After a slow start, The Train picks up to become a colorful, actionful big-scale adventure opus. Made in French and English in France, it was entirely lensed in real exteriors with unlimited access to old French rolling stock of the last war.

After a slow start, The Train picks up to become a colorful, actionful big-scale adventure opus. Made in French and English in France, it was entirely lensed in real exteriors with unlimited access to old French rolling stock of the last war.

Pic [from the novel Le front de l’art by Rose Valland] concerns an elaborate railroad resistance plot to keep a train full of French art treasures from being shipped to Germany near the end of the war.

An earthy station master (Burt Lancaster), if in the resistance, is reluctant to sacrifice men for paintings, especially with the war nearing its end. But he finally gives in when an old engineer, almost his foster father, is killed by the Germans for trying to hold up the art train. An elaborate plot is put into action. Lancaster himself is made to drive the train by the fanatic German colonel (Paul Scofield) to whom the art has become bigger than the war itself.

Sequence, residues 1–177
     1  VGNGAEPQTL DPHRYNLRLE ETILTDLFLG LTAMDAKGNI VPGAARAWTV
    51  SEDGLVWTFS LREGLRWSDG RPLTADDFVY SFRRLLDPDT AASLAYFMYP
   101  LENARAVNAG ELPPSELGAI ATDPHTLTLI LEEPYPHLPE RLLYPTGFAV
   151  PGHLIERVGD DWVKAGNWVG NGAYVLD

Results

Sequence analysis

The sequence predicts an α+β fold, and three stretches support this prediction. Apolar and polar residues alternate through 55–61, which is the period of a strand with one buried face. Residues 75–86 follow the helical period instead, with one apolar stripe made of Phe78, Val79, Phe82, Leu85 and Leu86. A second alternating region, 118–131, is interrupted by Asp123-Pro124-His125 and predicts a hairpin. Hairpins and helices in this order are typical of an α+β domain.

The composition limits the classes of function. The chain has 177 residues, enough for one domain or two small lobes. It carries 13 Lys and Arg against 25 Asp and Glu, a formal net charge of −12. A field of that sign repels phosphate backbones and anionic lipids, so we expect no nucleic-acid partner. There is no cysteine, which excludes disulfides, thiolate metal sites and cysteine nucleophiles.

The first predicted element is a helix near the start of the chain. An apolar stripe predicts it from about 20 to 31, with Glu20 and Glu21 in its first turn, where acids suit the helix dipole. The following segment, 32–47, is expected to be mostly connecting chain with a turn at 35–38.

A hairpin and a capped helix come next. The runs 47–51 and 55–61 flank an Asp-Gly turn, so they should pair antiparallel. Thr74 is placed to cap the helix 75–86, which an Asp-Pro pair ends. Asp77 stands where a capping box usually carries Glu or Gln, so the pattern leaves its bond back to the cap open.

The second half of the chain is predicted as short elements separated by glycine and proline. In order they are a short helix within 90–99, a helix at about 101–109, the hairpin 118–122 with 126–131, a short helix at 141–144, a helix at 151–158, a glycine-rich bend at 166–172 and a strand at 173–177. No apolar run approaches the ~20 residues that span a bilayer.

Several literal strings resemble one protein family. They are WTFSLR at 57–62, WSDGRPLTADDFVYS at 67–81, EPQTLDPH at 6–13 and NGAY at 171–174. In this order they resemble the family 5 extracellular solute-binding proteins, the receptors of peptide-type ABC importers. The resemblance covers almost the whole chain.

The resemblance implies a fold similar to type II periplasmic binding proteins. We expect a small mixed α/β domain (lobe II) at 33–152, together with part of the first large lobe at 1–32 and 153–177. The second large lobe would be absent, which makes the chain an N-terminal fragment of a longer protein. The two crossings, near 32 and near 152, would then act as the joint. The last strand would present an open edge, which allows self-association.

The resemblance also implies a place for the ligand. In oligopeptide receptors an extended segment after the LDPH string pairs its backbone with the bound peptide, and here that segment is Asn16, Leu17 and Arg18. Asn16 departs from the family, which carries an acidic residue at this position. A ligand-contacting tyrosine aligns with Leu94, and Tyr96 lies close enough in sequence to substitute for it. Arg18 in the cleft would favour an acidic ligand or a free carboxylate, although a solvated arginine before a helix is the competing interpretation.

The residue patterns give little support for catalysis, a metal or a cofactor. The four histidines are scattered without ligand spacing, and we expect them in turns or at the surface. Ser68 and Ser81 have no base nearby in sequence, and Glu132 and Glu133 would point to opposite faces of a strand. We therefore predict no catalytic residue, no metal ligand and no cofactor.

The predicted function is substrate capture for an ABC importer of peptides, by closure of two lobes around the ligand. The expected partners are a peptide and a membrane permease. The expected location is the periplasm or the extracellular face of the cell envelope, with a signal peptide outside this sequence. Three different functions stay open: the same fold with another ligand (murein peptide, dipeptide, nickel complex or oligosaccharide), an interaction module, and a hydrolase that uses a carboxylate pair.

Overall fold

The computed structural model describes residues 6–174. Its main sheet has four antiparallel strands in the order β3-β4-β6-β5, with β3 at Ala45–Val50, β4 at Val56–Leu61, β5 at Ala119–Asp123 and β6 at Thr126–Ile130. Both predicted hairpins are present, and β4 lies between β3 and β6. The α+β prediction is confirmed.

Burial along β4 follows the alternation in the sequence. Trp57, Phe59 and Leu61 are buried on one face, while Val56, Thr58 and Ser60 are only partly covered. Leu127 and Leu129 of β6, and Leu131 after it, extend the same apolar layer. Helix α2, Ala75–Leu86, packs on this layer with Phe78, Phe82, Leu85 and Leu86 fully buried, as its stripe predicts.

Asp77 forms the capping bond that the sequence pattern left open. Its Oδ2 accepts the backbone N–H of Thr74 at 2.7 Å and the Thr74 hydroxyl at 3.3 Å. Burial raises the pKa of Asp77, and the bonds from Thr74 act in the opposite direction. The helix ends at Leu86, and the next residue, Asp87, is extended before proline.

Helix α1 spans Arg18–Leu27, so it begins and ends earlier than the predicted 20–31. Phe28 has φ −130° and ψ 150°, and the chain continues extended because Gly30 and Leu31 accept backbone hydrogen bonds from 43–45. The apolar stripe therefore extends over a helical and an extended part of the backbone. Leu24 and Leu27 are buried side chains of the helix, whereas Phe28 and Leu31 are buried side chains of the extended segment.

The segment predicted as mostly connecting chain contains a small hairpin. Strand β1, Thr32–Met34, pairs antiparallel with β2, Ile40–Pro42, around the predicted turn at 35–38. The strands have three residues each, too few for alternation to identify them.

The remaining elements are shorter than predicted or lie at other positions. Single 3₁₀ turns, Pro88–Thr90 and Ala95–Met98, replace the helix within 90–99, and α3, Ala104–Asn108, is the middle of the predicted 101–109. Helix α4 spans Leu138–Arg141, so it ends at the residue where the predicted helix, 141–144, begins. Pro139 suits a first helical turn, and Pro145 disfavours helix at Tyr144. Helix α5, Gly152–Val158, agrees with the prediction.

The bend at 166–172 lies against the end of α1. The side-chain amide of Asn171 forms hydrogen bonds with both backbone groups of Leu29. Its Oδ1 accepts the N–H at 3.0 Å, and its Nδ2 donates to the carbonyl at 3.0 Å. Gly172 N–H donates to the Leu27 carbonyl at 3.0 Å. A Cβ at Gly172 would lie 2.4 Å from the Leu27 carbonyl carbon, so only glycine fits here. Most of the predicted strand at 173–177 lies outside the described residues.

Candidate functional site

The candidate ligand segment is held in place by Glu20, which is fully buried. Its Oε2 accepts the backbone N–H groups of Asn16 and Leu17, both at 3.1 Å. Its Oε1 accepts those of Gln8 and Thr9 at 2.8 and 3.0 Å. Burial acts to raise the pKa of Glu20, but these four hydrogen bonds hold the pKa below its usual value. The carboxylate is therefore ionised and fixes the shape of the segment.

Jeanne Moreau has a small but telling cameo bit as does Michel Simon as the dedicated old engineer who swings Lancaster into line to go all out for saving the train. But above all it is the railroad bustle, the trains themselves and some bangup special effects of bombing attacks and accidents that give the pic its main points.

1965: Best Original Story & Screenplay

The Train

US - France - Italy

Production

Artistes Associes/Ariane/Dear. Director John Frankenheimer; Producer Jules Bricken; Screenplay Franklin Coen, Frank Davis, [Walter Bernstein, Ned Young, Howard Infell]; Camera Walter Wottitz, Jean Tournier; Editor David Bretherton; Music Maurice Jarre; Art Director Willy Holt

Crew

(B&W) Available on VHS. Extract of a review from 1965. Running time: 140 MIN.

With

Burt Lancaster Paul Scofield Jeanne Moreau Michel Simon Suzanne Flon Wolfgang Preiss
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